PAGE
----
The Duluth Aerial Bridge Inspiration

Ferdinand Arnodin’s transfer bridge in Rouen, France. The gondola car is visible just above the steamship in the left foreground. It was suspended from the top span by cables too thin to be seen in this photo. (Image: Duluth Public Library)

In 1887 France’s Ferdinand Arnodin, the son of a bridge inspector, received the first patent for an aerial transfer bridge, often called a “ferry bridge.” But he didn’t build the first one; he helped his friend Alberto Palacio build one of Palacio’s own design: Spain’s Vizcaya Bridge, which connects the towns of Portugalete and Las Arenas at the mouth of the Nervion River. Completed in 1893, the 147-foot-high bridge spans 525 feet and was the first of its kind in the world, carrying both traffic and people from a high suspended gondola. Palacio was a disciple of Gustav Eiffel, designer of the famous tower in Paris, so it’s not surprising that his bridge is regarded as “one of the outstanding architectural iron constructions of the Industrial Revolution.” But it was Arnodin’s transfer bridge in Rouen, France, that inspired Thomas McGilvray’s idea to span the Duluth Ship Canal.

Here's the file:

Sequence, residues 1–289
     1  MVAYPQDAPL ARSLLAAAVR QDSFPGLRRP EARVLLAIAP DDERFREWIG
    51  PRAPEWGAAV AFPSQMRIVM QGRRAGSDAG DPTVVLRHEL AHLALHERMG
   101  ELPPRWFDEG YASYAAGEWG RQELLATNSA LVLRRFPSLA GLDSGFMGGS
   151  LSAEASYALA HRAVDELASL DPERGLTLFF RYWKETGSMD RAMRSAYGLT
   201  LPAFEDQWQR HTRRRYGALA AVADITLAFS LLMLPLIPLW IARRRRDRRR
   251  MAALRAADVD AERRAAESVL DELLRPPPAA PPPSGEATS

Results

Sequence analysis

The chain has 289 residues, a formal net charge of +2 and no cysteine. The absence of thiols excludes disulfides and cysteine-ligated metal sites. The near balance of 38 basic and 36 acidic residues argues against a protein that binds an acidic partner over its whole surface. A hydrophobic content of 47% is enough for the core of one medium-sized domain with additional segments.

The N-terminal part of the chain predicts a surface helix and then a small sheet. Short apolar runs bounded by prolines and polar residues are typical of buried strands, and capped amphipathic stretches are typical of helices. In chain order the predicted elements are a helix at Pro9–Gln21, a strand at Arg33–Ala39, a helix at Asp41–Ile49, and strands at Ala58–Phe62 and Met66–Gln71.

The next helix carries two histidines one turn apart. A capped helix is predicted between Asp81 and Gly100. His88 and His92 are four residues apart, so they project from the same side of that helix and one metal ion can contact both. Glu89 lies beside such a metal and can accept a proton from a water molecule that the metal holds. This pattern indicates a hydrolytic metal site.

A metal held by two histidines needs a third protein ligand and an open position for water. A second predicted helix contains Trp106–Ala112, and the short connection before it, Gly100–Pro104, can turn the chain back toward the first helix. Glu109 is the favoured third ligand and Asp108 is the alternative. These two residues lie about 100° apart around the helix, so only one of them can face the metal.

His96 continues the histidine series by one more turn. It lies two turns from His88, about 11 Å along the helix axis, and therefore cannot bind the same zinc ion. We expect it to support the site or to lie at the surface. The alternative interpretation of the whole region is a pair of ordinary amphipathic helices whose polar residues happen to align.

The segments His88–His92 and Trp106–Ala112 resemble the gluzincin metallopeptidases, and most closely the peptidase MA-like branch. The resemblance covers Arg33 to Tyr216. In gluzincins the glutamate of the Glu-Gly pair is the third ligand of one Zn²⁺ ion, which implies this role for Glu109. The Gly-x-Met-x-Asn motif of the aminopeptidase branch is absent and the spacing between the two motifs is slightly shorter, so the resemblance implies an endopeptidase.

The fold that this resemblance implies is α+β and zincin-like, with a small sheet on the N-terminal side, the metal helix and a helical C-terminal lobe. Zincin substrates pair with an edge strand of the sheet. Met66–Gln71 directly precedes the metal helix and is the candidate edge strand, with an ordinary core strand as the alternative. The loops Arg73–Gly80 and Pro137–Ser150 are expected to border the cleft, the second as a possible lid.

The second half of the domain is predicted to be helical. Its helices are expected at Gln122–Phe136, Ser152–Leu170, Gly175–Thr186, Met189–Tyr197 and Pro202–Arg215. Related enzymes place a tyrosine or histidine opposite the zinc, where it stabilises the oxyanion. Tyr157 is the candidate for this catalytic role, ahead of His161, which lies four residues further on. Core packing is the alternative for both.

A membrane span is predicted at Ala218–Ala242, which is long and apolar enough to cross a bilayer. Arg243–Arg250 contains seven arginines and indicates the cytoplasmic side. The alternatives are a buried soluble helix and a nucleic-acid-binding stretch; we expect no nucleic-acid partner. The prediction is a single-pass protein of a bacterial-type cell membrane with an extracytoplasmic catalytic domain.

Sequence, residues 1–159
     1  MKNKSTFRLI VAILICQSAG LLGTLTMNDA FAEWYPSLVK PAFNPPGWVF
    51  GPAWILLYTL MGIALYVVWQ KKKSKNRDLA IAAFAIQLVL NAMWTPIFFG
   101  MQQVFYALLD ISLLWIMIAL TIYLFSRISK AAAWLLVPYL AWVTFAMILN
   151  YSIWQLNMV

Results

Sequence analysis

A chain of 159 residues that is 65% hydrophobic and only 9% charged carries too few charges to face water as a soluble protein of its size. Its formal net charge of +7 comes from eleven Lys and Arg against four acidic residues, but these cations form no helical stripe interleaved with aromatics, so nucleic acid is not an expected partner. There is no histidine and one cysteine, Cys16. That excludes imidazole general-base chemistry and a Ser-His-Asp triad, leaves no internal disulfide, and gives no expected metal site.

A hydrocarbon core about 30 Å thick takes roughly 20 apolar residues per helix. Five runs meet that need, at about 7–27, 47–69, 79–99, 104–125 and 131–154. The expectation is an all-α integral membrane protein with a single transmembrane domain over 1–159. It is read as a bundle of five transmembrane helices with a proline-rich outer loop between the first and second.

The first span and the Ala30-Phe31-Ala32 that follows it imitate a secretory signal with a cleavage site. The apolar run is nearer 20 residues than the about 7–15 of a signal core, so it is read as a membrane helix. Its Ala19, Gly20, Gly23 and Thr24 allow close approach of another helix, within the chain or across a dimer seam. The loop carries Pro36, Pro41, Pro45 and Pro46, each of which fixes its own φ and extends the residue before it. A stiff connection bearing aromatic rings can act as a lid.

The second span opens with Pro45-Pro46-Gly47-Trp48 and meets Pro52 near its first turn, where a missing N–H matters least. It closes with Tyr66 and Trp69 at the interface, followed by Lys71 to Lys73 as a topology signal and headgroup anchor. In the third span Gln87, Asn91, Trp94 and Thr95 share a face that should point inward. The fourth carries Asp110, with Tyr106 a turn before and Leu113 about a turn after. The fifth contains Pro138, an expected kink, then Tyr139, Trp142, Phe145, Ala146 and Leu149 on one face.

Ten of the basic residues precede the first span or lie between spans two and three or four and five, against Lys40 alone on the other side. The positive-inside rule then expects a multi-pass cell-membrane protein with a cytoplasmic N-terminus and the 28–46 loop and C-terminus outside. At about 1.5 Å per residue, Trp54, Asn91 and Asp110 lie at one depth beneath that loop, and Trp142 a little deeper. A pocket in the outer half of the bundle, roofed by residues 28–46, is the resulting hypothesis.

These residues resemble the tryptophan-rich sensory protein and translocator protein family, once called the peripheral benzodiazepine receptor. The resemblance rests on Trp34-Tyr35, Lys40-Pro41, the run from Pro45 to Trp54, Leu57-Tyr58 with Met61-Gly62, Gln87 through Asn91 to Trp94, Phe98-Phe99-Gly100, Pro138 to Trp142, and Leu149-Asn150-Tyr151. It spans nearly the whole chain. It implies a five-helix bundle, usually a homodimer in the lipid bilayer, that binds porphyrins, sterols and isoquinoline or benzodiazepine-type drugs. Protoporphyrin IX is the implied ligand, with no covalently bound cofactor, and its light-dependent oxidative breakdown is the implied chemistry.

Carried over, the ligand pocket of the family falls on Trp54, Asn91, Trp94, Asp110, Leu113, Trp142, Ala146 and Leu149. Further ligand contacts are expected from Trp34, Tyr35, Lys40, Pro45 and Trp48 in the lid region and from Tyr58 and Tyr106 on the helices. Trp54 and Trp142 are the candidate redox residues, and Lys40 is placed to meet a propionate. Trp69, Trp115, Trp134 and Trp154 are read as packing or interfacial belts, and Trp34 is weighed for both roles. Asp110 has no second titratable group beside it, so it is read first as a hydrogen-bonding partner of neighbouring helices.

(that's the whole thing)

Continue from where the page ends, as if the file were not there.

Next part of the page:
Arnodin’s bridge opened on September 16, 1899. Its towers stood 220 feet above the piers along the Seine. It stretched 469 feet across the river, and its span rested 164 feet above the water. Its ferry car, forty-two feet long and thirty-three feet wide, sat twenty-three feet above the water. It had two cabins, one with windows, the other without: first class and second class (first class cost ten centimes and second class five). It crossed the Seine in just fifty-five seconds. In 1940 French Army engineers blew the bridge in a futile attempt to slow the Nazi advance.

When Duluth’s bridge went into service in 1905, transfer bridges were also in use in Newport, England (also an Arnodin design); Bizerte, Tunisia; and Nantes, France, over the River Loire. But Duluth’s bridge was the only one of its kind in the western hemisphere. It was also the only stiff-trussed aerial transfer bridge anywhere, and the only ferry bridge operated by an overhead cable system. The others used cables to suspend the ferry car, which was pulled back and forth by a submerged cable or chain which ran through an electrically powered revolving drum on the ferry car. (The cable simply lay along the bottom of the canal when not in use, but while the ferry car was in operation the cable would naturally be pulled out of the water in front of the car and the slack of the cable would sink back down behind the car as it crossed.) McGilvray and C. A. P. Turner (the engineer who actually designed the bridge based on McGilvray’s sketch) worried that Duluth’s colder climate would cause breakdowns in the winter, and the Duluth canal was only 300 feet wide—there was too great a chance of the cable becoming entangled with a vessel’s propellers. This problem spawned the idea of the overhead cable system.